Oliver Thorpe, who wrote a blog about Theo’s videos (which is unfortunately not readable due to website issues) was never sent to Theo, nor was Theo consulted for comment. Oliver’s blog link was left in the comment section of one of Theo’s videos, unfortunately though this link is now broken. However, I did listen to Oliver Thorpe’s podcast on the subject, and he makes some points worth considering. Specifically that “the burden of proof rests on the person making the claims.” The burden rests squarely on Theo to prove his claims, using adequate evidence, and if he cannot due so, then he may be misrepresenting his content.


I think that the clear issue here is a lack of communication in the parkour community. From my research, I concluded that Kevin was the only person to directly involve Theo in the conversation about his own videos. James Adams, who posted a lengthy Instagram piece on Theo, even using Theo’s face, didn’t tag Theo, or attempt to reach out for comment. To his credit, James offers to speak with Theo personally in his video response, though it appears to have gone unheard. Finally, Callum Powell, who the parkour community seems to consider the utmost authority on matters of the human body, decided against an adult conversation with Theo, instead opting to disparage Theo’s work on the podcast and social media platforms of the single largest parkour team in the world. 


While I personally agree with many of the admonishments against Theo, I also believe in the grassroots values of the parkour community. Values that Callum preaches to his followers; parkour is a difficult enough sport, let alone industry, and to chastise people for trying to make content that they feel has value, is a backwards step in my opinion. This isn’t to say that criticism cannot be levied against those who deserve criticism, but only that critiques should be provided in a constructive manner, and allow the person to grow and learn, and avoiding speaking with the person in question doesn’t help that issue, regardless of how constructive the critiques are. Criticism should be framed as an opportunity to improve oneself, and unfortunately, that isn’t what happened in this situation. I would liken this to some of the events surrounding the Breach film, about which Callum had this to say, “It’s not in our best interest to put a barrier between this viable option for people to make a living and parkour, because it’s a barren wasteland of an industry, and we need all the help and support we can get.”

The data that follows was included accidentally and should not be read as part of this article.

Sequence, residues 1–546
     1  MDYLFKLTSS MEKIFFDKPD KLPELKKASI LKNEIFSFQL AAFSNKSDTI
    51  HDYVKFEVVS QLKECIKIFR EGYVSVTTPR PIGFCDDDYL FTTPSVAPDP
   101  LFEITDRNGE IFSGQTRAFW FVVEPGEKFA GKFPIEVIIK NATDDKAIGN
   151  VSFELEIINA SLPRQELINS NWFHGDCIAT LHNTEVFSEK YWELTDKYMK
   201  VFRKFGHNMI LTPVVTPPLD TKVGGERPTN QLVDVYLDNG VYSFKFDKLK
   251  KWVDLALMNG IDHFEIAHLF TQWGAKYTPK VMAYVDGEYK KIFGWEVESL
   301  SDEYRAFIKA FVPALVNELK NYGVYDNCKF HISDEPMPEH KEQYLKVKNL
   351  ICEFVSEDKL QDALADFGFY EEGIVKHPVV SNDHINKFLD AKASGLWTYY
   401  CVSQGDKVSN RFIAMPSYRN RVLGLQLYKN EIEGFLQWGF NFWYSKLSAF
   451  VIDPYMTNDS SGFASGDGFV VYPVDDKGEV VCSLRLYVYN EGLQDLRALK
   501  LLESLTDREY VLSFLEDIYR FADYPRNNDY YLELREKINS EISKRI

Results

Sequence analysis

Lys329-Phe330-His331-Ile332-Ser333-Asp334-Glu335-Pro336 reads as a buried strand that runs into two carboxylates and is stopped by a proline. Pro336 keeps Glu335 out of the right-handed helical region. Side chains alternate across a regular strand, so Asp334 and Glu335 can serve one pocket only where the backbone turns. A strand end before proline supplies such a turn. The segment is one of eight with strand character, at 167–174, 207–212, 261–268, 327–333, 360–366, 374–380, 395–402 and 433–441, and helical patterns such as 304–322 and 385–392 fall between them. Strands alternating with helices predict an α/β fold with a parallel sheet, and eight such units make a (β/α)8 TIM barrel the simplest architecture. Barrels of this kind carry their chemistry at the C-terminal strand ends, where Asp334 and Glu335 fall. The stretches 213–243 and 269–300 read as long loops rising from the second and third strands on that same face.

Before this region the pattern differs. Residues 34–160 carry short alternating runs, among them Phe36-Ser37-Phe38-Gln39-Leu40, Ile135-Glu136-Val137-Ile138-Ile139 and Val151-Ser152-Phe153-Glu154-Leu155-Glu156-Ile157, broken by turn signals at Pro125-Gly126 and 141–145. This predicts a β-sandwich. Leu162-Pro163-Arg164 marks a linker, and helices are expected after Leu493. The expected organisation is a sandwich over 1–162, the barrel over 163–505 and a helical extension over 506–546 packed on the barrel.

As far as I am concerned, all of us are putting in an effort to improve the sport that we love, and reducing someone’s efforts to “shoveling shit on social media” is an unnecessary and unfair characterization from someone as well respected and as influential as Callum Powell, someone who I consider to be a brilliant mind in parkour, and a real supporter of the community at large. He is of course entitled to his opinion, I just feel that if he’s going to speak about people this way, that he should bring them on the podcast, and have it out.


Ultimately, I think that we as a community need to open up the dialogue and include the people that we criticize, so that all of us have the same opportunity to improve, and so that we avoid unnecessary animosity. As far as Theo Tanchak’s videos are concerned, I need to be perfectly honest; I don’t know enough to say whether or not Theo’s content is truly helpful, but listening to him couldn’t possibly be any more or less useful than listening to Callum Powell.


Before publishing the article, I sent it to all of the included parties, and I received these comments:

Theo Tanchak: “[Kevin’s] comment: ‘He discredits all the science done on posture,’ Is definitely not representative of my view point, I just think it is limited, there is obviously some good stuff out there, but the overall conclusions from some of the meta analysis that have been done seem incorrect to me. I am a fan of the scientific process, and all claims must eventually be supported by it.”